Smart speakers such as Amazon’s Echo, Google’s Home (and, soon, Apple’s alleged standalone Siri device) allow users to get answers in the more comfortable settings of their homes.

As these things are always listening, there’s no need to press a button or pull a phone out of your pocket. But what exactly are people using Amazon Echo and other smart speakers for?

ComScore study, charted by Statista, says the most common use case is asking basic questions with 60 percent of US smart speaker owners using their device for simple requests, followed by weather queries (57 percent), playing music (54 percent), setting timers/alarms (41 percent), creating reminders/to-dos (39 percent) and more.

In what’s bound to be disappointing to Amazon, the study found that very few users of smart speakers use them to order goods or services online, with just 8 percent of US smart speaker owners using their device to order food/services and 11 percent ordering products online.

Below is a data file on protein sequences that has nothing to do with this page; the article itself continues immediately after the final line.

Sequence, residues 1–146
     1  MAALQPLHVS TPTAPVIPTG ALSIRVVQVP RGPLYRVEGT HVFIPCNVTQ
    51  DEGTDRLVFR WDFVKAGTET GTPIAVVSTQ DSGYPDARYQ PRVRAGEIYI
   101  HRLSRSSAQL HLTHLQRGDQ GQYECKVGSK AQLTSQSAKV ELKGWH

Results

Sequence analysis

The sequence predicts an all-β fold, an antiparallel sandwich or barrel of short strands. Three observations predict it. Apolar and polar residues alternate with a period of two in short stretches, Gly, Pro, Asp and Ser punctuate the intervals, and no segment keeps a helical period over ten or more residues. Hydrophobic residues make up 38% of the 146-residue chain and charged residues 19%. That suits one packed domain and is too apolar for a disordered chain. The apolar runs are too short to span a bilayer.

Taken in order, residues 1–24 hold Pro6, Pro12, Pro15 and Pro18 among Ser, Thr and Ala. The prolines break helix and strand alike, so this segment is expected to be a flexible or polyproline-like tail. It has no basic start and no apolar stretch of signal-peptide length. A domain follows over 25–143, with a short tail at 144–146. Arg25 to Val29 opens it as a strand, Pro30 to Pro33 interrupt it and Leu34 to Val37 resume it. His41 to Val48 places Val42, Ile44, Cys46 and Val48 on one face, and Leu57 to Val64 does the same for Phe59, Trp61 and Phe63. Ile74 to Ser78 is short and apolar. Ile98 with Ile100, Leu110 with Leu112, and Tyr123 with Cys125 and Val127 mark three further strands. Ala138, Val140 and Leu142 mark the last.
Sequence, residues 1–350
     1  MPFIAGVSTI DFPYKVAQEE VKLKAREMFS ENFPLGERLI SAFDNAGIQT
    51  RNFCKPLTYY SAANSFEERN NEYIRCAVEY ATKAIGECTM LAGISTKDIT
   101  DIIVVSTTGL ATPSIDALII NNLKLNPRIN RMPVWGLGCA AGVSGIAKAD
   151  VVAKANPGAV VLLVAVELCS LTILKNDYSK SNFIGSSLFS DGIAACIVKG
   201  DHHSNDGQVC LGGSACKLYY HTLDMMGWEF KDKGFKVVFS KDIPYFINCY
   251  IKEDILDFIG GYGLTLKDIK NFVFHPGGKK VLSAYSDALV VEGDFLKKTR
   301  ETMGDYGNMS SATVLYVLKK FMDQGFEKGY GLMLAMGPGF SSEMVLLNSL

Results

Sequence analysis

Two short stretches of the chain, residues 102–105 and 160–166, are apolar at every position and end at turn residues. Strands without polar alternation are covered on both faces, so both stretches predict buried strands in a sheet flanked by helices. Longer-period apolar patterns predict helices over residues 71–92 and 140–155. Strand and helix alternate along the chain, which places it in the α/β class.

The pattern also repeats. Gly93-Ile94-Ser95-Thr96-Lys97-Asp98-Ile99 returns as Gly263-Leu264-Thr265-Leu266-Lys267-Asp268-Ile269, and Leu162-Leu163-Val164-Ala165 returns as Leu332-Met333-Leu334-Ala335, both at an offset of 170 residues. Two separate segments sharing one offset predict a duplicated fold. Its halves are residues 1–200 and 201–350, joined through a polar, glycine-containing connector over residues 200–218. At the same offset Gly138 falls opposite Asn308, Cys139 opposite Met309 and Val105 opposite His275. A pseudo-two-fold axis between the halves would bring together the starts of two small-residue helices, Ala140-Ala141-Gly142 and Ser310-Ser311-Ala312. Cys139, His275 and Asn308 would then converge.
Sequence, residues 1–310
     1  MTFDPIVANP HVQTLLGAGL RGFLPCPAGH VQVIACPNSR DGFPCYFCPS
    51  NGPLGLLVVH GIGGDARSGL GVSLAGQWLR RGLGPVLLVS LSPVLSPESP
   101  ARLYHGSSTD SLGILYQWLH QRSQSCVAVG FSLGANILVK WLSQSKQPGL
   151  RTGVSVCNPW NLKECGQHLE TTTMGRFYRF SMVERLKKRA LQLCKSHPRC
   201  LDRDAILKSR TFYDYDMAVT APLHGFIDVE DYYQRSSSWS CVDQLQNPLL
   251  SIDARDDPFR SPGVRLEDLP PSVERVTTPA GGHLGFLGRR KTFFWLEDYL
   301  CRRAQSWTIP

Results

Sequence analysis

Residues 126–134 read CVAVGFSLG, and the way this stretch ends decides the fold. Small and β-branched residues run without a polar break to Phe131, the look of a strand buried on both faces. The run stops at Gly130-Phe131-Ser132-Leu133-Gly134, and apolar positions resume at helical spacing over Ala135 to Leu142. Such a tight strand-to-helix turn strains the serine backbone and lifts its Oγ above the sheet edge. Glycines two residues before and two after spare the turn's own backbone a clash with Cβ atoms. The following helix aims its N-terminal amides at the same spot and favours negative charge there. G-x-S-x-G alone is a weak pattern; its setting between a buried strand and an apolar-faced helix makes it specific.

According to a May research conducted by digital agency Stone Temple, providing answers to basic questions actually is not Alexa’s strong suit.

Amazon’s digital assistant powering the Echo family of devices was able to answer just 20.7 percent of the 5,000 questions asked as part of the experiment.

Siri performed similar to Alexa.

Amazon said today that Echo owners and iOS customers who use the mobile Alexa app or the Amazon shopping app can now enable integration with iCloud Calendar.

Speaking of which, the comScore study found that less than one-third of smart speaker owners in the US (27 percent) use their device to find what’s on their calendar for the day or add new appointments to the calendar hands-free.